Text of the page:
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Boggs v. Redman

United States District Court, N.D. Indiana, South Bend Division

September 4, 2019

JENNIFER BOGGS, for next friend and husband LARRY LEALLEN BOGGS, SR., Plaintiff,



         Mr. Larry Boggs was brutally attacked by another inmate while incarcerated in the St. Joseph County Jail. Because he is now incapacitated and permanently disabled, Ms. Jennifer Boggs has sued various officers for her husband alleging violations of his constitutional rights under 42 U.S.C. § 1983 and a state law claim of negligence. St. Joseph County Sheriff William Redman, St. Joseph County Jail Warden Julie Lawson, Lieutenant George Holvoet, Deputy Kevin Brothers, and Deputy Hannah Smith have moved to dismiss the complaint under Federal Rule of Civil Procedure 12(b)(6).


         The complaint paints the following picture accepting its well-pleaded allegations as true for this motion and drawing inferences in the light most favorable to Ms. Boggs. Mr. Boggs, a 135-pound white male and roofer by trade, was arrested on July 24, 2017 in South Bend, Indiana for one misdemeanor offense. ECF 4 ¶ 7, 10, 31. Officers transported him to the St. Joseph County Jail where Deputy Smith then booked, searched, screened, and interviewed him. Id. ¶ 8-9.

         During booking, Deputy Smith (and other unnamed officers) saw that Mr. Boggs had a white supremacist prison gang symbol tattooed on his chest with the words “Aryan Brotherhood” along with other tattoos and an iron cross. Id. ¶ 11. Despite these markings, Deputy Brothers, a jail classification officer, placed Mr. Boggs in a cellblock where the deputy knew his safety would be imminently threatened by “non-white gang members and others violently opposed to white supremacist prison gangs” who could overwhelm his modest size and ability to defend against a physical attack. Id. ¶ 13-14. Although the complaint is less than clear on this point, it alleges that Deputy Brothers twice claimed that Mr. Boggs had no gang affiliation or conflict issue. Id. ¶ 15, 17.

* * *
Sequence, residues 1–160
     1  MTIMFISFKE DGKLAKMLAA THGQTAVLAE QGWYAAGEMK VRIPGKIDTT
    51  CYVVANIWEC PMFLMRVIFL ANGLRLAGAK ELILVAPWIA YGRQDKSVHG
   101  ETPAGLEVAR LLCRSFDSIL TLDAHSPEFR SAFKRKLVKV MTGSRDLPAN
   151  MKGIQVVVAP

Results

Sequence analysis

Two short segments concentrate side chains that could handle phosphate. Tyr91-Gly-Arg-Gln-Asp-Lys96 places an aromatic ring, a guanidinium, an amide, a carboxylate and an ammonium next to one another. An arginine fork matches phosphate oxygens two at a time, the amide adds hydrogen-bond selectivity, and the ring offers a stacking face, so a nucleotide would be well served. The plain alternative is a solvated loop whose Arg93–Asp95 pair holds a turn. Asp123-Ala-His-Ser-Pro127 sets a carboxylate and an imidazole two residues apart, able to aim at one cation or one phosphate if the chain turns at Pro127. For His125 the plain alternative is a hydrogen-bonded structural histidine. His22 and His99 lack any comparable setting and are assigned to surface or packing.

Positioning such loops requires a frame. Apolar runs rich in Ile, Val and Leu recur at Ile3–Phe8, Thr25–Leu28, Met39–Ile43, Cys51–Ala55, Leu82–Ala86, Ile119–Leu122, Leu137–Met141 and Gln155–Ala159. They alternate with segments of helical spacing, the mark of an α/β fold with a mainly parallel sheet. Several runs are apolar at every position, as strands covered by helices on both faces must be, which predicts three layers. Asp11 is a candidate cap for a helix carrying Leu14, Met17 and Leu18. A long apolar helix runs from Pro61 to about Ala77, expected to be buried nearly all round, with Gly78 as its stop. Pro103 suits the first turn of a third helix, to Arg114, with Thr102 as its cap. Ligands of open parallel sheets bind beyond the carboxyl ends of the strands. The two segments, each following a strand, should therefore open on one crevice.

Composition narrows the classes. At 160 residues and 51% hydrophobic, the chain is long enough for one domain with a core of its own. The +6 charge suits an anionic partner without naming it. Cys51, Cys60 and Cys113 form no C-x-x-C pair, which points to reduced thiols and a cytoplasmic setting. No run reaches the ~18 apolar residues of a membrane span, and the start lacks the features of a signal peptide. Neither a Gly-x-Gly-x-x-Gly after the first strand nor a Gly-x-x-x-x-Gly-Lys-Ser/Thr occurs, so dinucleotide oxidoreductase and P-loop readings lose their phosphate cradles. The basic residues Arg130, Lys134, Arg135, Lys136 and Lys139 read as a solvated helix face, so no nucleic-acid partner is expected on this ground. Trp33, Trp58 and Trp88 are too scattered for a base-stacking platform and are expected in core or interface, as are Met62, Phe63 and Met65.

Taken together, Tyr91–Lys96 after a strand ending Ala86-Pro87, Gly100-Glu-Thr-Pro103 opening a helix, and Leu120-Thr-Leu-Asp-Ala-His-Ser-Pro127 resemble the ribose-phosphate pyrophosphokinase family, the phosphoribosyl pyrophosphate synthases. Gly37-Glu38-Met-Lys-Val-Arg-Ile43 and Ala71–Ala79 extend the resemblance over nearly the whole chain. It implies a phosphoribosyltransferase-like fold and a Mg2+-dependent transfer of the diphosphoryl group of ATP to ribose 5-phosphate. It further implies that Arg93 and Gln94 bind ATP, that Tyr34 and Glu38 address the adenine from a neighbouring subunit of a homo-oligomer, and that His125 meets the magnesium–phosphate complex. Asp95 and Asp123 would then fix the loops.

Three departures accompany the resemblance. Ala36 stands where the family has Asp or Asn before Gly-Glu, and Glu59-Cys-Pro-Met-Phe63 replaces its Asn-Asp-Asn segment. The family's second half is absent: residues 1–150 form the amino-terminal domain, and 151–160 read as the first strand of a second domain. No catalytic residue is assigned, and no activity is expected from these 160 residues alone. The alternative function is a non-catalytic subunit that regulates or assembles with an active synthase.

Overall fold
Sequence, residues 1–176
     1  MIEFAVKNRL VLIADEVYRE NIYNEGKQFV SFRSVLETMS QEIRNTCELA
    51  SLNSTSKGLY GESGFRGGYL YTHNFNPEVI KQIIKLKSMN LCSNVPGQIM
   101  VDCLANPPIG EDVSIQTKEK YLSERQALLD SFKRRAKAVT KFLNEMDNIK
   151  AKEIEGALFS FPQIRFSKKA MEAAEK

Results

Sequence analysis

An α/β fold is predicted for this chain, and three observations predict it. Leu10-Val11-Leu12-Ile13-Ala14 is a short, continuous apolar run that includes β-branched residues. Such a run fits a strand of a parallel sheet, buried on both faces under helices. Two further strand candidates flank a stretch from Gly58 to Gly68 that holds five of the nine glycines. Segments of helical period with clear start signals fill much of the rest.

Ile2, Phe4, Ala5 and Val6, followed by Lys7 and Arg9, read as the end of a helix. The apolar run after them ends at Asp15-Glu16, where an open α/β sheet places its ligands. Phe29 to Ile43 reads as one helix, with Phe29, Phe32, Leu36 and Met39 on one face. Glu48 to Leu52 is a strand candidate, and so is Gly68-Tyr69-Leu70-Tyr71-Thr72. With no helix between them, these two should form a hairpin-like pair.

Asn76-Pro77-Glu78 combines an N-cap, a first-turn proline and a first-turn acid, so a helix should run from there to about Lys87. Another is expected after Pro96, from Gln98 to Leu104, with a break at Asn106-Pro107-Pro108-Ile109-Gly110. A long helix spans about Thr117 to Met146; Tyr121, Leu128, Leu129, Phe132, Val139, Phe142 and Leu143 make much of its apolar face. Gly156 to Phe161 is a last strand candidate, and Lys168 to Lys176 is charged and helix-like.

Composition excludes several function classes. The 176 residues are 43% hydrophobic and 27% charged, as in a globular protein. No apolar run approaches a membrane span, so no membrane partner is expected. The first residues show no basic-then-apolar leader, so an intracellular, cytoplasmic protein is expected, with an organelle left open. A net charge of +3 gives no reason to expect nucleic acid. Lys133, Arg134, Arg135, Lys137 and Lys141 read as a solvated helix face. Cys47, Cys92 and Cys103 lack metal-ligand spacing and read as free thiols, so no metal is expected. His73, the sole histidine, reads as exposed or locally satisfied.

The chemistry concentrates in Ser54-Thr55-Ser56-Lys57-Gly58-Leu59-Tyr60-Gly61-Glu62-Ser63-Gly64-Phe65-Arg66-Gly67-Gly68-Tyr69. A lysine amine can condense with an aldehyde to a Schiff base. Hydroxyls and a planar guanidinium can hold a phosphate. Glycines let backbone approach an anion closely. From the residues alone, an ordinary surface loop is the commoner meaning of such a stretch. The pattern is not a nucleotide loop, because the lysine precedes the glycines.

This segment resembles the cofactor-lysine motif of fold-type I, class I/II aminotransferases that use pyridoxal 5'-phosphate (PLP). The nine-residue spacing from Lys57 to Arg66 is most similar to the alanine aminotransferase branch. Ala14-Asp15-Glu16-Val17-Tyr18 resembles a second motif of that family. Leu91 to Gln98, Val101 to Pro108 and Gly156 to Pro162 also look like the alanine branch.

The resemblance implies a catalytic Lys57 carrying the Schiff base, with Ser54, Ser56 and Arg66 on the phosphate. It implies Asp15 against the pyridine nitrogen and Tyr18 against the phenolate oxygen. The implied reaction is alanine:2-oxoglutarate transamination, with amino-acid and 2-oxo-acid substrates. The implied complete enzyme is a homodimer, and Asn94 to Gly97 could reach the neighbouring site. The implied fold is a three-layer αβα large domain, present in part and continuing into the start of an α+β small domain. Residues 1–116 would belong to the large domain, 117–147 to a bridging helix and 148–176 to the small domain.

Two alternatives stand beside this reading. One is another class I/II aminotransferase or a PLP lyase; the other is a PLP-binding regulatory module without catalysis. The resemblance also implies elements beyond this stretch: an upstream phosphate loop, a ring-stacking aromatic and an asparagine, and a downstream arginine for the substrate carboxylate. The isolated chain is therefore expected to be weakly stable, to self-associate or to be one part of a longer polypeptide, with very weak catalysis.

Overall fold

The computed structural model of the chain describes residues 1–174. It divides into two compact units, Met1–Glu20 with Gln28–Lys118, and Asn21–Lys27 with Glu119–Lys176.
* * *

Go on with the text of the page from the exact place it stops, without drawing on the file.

Four days passed without incident. The morning of July 28, 2017, another inmate, alleged to be “non-white, ” attacked and attempted to murder Mr. Boggs, leaving him unconscious and severely bleeding. Id. ¶ 20-21. The complaint alleges that none of the defendants intervened to protect Mr. Boggs, though it offers little as to where the various officers were stationed that morning other than generally that Warden Lawson was supervising the jail and Lieutenant Holvoet was supervising the cellblock. Id. ¶ 19, 22. Officers responded to Mr. Boggs after another inmate discovered him unconscious. Id. ¶ 23.

         The altercation required five months of hospital care for severe brain trauma and numerous skull fractures. Id. ¶ 24-25. Even today, Mr. Boggs remains paralyzed and confined to a wheelchair, without the ability to speak. Id. ¶ 28. Ms. Boggs cares for Mr. Boggs fulltime as well as three minor children. Id. ¶ 29-30. The other inmate was convicted for his role in the attack. Id. ¶ 27.